VFI Welcomes Consumer Group Report Condemning Price Hikes and Price Matching - Below Cost Alcohol Supplemented by Increasing Prices for Household Staples
The Vintners’ Federation of Ireland (VFI) has welcomed this week’s report by the Consumers’ Association of Ireland (CAI) on price hikes and perceived price matching by the country’s biggest supermarkets. The report showed the price for a basket of goods up 12% when compared to June 2011 or €870 panerai replica watches per annum per household and backs up VFI claims over the past number of years that the practice of selling cheap alcohol is anything but consumer friendly.
VFI President Gerry Rafter labelled the increases a “disgrace” and the VFI claims the increases are necessary to cover supermarkets selling alcohol at unsustainable loss leading prices.
Mr Rafter said; “We have being watching the supermarkets closely and it is obvious that they have been increasing the price of everyday household goods by stealth and there are strong indications of widespread price matching. Bread, milk, butter, sugar and other prices have increased by up to 15-20% in some cases over the last 18 months. We are convinced this is to compensate supermarkets for selling alcohol below cost as a loss leader to get consumers in the doors in order to rip them off on other essential items. Supermarkets are selling alcohol below the cost publicans can buy it from wholesalers or manufacturers. Links: http://www.robertsongeoconsultants.com/store.php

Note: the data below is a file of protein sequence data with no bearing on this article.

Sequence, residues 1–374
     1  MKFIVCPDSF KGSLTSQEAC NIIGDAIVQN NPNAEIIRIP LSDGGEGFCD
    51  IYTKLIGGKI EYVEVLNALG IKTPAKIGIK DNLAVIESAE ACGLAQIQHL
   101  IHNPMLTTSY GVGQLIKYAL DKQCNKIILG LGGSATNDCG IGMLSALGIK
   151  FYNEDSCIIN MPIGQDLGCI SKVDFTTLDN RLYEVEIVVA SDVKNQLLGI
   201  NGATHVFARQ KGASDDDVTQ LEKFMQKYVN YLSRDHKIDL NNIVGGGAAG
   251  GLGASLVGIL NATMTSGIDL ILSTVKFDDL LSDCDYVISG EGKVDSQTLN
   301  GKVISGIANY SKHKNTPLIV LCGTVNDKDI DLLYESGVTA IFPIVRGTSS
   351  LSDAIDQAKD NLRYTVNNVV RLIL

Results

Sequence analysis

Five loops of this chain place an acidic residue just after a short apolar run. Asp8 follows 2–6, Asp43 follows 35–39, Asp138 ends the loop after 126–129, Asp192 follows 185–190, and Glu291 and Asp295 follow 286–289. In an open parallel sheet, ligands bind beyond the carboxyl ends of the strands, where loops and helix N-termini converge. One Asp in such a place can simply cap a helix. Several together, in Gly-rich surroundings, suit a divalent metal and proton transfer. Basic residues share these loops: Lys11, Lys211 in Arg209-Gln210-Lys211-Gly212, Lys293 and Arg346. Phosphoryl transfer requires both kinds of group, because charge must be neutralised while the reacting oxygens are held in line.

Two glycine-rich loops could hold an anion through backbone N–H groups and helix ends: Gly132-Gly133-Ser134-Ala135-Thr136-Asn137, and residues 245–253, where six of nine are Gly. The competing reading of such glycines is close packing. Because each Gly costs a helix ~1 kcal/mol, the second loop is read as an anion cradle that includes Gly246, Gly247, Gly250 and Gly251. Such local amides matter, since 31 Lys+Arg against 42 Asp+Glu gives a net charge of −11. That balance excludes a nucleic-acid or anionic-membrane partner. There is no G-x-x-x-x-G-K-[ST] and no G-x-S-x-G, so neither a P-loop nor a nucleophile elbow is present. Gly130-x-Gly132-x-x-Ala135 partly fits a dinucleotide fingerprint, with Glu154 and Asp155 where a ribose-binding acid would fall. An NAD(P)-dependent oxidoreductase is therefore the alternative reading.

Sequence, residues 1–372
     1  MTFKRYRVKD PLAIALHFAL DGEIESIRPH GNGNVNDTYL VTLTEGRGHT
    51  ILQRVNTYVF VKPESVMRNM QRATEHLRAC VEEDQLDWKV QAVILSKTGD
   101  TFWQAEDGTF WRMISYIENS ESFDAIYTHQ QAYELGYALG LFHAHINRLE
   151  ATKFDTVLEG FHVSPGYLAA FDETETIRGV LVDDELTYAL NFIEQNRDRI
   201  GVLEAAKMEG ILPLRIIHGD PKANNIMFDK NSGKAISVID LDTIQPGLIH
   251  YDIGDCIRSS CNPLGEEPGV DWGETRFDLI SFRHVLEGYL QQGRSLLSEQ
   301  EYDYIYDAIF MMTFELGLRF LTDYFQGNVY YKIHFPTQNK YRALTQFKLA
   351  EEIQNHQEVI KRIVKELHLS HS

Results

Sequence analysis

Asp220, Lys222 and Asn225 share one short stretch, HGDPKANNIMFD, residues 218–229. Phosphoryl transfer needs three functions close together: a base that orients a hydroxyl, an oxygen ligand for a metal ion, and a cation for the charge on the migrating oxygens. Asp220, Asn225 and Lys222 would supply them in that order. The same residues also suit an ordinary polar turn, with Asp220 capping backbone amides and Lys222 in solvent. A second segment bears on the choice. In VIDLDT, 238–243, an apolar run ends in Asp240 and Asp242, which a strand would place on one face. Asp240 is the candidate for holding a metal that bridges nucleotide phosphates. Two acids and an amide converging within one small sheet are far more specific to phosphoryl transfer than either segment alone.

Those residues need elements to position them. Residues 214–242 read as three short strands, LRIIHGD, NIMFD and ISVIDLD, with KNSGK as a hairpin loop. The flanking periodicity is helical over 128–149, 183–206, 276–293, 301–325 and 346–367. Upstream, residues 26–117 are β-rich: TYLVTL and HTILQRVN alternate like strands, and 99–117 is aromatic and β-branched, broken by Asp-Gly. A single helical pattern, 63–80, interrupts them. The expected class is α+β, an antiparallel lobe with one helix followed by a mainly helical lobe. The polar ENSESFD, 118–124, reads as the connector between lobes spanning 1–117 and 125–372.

“What is happening is totally irresponsible and a disgrace. Hard pressed shoppers are being conned by the big supermarkets that are luring them in with the promise of cheap alcohol. Drink is being sold, promoted and marketed in a totally irresponsible manner in order to get customers to fork out hundreds of euro extra each year on essential food items. This report proves beyond any doubt that cheap alcohol does not make the supermarkets consumer champions. Quite the contrary, as the CAI states, consumers are spending more money for a poorer return despite having less money to spend.”